The police, being interested in debt recovery matter could only mean that they are likely to have collected money from the complainant, or perhaps have entered a deal of what they will get with the complainant. This is why most police officers always try to get involved in civil disputes, especially in debt recovery. They often enter into a deal with the complainant to take off a certain amount of percentage from the money when the money have been recovered. It happen many times and for sure no police officer can feign ignorance to this.

Therefore, a police officer becoming a debt collector makes a total mockery of the force but due to corruption in the force, they have claimed blind, deaf and dumb and make it an order of the day.

However, where there’s allegation of fraud, the police and other law enforcement agencies may be use to bring the suspect in and employ the adequate measures under the Nigeria law to recover the debt. It is pertinent to know that a creditor who uses law enforcement agents to recover debt, when there is no allegation of fraud does not only violate the law, but also open the door for debtor to bring an action against them for breach of their fundamental right.


This breach can be as a result of criminal assault, false imprisonment or criminal intimidation which are contrary to the provisions of chapter 4 of the Constitution of the Federal Republic of Nigeria 1999 (as amended ).


The act of the police in case of singer Portable is contrary to the provisions of chapter 4 of the Constitution of the Federal Republic of Nigeria 1999 (as amended), moreover the section 46 (1) of the constitution provides that “ Any person who alleges that any of the provisions of this chapter has been, is being or likely to be contravened in any state in relation to him may apply to High court in the state for redress “ therefore, by the dint of this provision, singer Portable institutes against the Nigeria police for the violation of his Fundamental rights.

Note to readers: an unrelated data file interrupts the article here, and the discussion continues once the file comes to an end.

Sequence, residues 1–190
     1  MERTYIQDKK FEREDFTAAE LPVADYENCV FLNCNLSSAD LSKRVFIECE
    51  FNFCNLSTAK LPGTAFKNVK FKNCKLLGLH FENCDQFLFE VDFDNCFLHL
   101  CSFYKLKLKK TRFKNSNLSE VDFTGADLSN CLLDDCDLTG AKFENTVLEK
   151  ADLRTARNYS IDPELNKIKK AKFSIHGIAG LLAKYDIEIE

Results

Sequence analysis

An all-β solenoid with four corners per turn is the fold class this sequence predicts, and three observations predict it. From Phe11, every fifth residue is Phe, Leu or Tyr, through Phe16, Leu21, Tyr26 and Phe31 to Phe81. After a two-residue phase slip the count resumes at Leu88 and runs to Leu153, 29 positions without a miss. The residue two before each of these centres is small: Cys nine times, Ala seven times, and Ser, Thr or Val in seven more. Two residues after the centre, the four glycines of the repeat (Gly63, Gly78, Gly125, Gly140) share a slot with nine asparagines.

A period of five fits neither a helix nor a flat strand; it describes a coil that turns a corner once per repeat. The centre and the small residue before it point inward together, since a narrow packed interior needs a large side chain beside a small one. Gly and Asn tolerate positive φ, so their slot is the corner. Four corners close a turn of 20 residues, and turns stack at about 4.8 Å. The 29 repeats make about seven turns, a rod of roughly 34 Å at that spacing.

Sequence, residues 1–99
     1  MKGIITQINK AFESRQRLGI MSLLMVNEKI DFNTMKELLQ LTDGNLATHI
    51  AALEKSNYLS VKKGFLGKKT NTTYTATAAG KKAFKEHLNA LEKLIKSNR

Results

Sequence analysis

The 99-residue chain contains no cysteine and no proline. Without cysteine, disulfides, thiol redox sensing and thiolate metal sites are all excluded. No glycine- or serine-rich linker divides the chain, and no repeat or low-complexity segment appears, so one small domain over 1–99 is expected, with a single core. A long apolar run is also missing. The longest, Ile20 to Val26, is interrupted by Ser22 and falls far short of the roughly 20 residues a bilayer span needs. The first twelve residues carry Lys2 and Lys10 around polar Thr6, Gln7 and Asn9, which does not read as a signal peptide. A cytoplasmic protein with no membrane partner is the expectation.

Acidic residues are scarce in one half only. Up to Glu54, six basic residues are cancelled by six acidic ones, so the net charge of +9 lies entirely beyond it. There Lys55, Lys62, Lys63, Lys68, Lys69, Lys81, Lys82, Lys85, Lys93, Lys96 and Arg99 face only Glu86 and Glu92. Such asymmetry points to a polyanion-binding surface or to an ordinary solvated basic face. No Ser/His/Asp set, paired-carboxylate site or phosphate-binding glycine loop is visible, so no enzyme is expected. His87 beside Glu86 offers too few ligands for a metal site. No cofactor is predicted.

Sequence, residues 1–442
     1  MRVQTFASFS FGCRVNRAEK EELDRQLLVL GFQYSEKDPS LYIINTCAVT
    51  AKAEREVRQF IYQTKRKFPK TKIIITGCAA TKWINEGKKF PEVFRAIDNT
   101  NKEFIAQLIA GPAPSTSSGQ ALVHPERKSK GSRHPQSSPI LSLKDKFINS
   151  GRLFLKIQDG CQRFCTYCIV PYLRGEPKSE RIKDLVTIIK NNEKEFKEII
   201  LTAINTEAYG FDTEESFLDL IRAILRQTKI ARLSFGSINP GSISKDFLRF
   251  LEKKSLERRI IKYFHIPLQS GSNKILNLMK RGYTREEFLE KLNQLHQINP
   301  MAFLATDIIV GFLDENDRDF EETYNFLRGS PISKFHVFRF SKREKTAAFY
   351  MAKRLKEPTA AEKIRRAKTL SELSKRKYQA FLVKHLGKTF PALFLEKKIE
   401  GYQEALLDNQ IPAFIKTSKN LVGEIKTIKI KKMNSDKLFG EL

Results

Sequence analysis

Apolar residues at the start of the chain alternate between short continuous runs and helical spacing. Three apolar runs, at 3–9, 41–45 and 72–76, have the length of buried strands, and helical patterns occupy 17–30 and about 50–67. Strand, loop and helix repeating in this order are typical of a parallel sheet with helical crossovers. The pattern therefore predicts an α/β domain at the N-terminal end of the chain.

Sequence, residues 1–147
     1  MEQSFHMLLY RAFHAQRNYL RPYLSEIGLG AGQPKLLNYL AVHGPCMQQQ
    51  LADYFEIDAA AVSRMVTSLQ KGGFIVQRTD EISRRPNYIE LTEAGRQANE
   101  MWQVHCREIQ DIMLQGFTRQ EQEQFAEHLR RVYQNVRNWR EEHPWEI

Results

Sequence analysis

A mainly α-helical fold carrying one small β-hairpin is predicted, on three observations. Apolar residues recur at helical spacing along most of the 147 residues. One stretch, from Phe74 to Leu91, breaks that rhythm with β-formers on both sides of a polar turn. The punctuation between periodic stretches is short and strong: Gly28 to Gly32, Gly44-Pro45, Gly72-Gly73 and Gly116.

This is also an indictment on the citizens who help police abuse their powers by taking civil disputes to the police. The proper procedure is, if you are being owed or if you are aggrieved by anything else that falls under the purview of civil dispute is for you to go to court.

Go to court for the recovery of the debts and seek other accruing damages the court can grant, the court has the jurisdiction and never the police. Moreover, section 6 (6)(b) of the 1999 Constitution confers judicial powers to court to entertain all civil matters and not the police.

For clarity, it provides: Sec. 6(6)(b) “…. to all matters between persons, or between government or authority and to any persons in Nigeria, and to all actions and proceedings relating thereto, for the determination of any question as to the civil rights and obligations of that person”

In Nigeria, we have other laws that are associated with debt recovery among which are Nigeria:-

– Companies And Allied Matters Act (CAMA) CAP C20. LFN, (as amended) 2020.

– Federal High Court Civil Procedure Rules 2019.

– High Court Civil Procedure Rules of Various States.

– Asset Management Corporation of Nigeria Act (as amended), 2019

– Bankruptcy Act, CAP B2, LFN 2004.

Therefore, it is imperative to state that, the act of the police to singer Portable is arbitral, barbaric and uncalled for in any civil society. Finally, you should go to court for your civil disputes, the court has jurisdiction and never the police. The police are not a debt recovery institution or in any confer with the power or jurisdiction to entertain civil matters.

About the Author

Rabiu Aliyu is a LL.B 3 student at faculty of law, Ahmadu Bello University, Zaria with keen interest in legal writing, advocacy and good governance.